US Congress Joint Economic Report - As required by the Employment Act of 1946, the Joint Economic Committee of Congress produces the Joint Economic Report. The economic analysis is published to assist the other committeess of Congress in their work. (Annually)
- Thoughts on GME and This Week in the Stock Market
- Record Home Price Levels Point to Strength in Post-Pandemic Economy
- The Stock Market Looks Overvalued, but It's Probably Not
- China GDP Growth Surpasses Expectations
- President-elect Joe Biden Introduces His "American Rescue Plan"
- Political Polarization Intensifies with Another Impeachment Along Party Lines
- Metal Demand Has a Bright Future in 2021 and Beyond
- What Happened to That US-China Trade Dispute?
- Civil Unrest, A Rising Threat to the 2021 Economy
- What's in the $900 Billion Relief Plan?
- Long Term Employment Shifts Caused by the Pandemic
- Earnings Provide Positive Surprise Despite Pandemic
- Renewable Energy Under Fire in Texas
- Yellen Aims for Full Employment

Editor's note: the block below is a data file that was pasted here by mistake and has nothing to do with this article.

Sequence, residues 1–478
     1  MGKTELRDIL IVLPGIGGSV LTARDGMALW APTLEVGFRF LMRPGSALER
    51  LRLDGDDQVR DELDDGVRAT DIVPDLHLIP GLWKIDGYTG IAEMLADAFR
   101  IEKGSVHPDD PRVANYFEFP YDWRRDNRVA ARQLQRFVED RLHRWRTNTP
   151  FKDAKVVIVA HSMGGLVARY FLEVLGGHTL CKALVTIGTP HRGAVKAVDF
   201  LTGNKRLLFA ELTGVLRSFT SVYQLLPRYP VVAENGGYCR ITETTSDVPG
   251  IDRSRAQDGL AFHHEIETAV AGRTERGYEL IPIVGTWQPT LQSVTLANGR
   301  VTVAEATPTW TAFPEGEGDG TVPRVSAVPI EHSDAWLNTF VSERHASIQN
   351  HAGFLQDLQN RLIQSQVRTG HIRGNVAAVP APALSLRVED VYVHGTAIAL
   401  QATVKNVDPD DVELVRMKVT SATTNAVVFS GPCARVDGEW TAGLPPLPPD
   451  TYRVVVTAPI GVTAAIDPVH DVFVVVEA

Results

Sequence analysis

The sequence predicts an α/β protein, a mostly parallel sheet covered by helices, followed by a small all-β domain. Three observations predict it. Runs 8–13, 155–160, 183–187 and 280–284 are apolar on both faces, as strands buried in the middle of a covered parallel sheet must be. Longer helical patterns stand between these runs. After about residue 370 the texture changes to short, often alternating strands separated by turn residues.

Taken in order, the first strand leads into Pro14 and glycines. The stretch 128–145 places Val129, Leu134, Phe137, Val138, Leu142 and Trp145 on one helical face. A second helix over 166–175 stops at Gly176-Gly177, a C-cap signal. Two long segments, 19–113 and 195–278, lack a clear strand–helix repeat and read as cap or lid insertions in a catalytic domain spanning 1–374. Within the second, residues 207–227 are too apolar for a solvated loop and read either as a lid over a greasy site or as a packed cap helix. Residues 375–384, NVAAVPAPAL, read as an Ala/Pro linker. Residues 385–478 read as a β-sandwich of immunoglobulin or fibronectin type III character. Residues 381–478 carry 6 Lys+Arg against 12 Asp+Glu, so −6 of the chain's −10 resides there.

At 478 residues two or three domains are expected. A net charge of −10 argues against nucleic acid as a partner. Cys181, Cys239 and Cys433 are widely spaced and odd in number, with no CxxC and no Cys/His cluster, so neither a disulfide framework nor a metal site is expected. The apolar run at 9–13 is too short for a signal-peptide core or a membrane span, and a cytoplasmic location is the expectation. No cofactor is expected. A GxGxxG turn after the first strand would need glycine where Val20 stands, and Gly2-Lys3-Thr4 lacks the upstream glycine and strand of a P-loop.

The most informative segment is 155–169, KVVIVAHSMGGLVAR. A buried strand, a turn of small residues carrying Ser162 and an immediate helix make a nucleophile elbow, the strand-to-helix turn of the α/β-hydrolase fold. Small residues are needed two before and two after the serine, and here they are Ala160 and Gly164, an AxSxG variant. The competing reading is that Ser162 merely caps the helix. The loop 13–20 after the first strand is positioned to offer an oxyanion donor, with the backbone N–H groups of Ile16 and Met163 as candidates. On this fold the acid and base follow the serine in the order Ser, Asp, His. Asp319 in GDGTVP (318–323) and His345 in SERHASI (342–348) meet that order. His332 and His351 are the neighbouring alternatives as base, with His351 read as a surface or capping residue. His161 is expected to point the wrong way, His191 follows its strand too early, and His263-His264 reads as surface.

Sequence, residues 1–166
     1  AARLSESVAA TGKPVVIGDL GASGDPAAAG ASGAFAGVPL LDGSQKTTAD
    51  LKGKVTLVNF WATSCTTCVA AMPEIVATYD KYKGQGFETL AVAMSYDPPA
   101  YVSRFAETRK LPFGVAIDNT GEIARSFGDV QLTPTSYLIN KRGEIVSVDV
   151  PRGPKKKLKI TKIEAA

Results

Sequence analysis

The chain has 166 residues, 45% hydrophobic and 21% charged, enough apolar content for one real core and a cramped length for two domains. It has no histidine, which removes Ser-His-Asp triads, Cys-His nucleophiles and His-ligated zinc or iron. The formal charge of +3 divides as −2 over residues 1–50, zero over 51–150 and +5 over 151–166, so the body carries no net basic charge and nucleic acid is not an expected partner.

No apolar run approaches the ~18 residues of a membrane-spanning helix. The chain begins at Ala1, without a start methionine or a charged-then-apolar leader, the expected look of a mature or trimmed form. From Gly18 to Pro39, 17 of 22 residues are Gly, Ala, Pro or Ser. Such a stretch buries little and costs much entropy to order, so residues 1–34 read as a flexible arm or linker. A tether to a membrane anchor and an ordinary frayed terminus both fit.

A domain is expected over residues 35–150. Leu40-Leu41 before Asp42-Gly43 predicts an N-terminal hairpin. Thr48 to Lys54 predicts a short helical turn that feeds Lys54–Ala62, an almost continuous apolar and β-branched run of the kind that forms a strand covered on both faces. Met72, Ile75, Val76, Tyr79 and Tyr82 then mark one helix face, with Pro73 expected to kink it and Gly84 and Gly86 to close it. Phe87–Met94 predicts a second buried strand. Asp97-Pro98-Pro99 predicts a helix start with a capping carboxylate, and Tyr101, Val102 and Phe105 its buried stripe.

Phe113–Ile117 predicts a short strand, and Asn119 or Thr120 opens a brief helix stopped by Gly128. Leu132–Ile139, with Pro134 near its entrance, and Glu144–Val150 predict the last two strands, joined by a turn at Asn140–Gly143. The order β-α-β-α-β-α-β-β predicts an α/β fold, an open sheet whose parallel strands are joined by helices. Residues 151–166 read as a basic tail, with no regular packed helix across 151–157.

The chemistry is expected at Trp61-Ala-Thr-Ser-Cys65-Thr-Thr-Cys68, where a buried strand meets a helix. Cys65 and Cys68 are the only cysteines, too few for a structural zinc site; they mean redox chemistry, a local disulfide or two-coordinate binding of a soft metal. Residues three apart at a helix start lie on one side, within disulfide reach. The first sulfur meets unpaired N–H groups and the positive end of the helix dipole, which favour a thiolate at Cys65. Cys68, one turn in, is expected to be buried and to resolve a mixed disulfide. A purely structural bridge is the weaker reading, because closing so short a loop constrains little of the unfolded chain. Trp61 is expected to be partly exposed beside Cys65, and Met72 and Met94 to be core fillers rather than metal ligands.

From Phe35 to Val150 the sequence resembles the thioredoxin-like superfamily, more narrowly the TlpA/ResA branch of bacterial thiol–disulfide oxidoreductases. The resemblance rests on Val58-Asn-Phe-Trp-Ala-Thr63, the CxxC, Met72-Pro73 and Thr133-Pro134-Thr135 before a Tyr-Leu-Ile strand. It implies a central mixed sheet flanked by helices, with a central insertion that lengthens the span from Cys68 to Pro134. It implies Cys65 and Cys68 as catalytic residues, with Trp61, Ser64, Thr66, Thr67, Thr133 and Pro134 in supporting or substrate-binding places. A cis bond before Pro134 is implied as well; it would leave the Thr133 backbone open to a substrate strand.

- Minimum Wage Research in the Spotlight as a Hike Looks Inevitable
- Non-Residential Construction Soft in the Pandemic Economy
- Views on Interest Rates and the Move in Treasury Yields
- Inflation Indicators Healthy but Still on the Rise
- Risky Assets Sell-off Despite Optimistic Economic Outlook
- The Latest on Vaccinations and What it Means for Growth
- Highlights of the Fed's "Economic Well-Being of U.S. Households in 2020" Report
- Relative Factors and Forward Change in Federal Funds Rate
- Can Wage Growth Keep Up With Inflation?
- With That, We Carry On
- Supply Pressures Looking to Peak
- Cars are Still Expensive, Workers are Still Needed
- Recovery Continues, but Delta Looms
- Fed Eyes Tapering While China Sees a Setback
- Review the Fed Previews
- No Tapering Yet
- Labor Day on Labor Day
- Delayed or Disappearing Growth?
- Supply and Demand Mismatch will be Evident during the Holiday Shopping Season
- Workers Find Leverage in a Tight Labor Market
- Cautiously Optimistic
- Sour Expectations Take Down the Market
- Q3 Earnings Were Surprisingly Good
- Inflation Weights on Bonds and Consumer Sentiment
- FOMC Tapers While Trade and Employment Flash Mixed Signals
- Inflation is Getting Broader, Not Cooler
- Unemployment Insurance During the Pandemic
- A Year of Normalization
- What Will GDP Growth Look Like in 2022?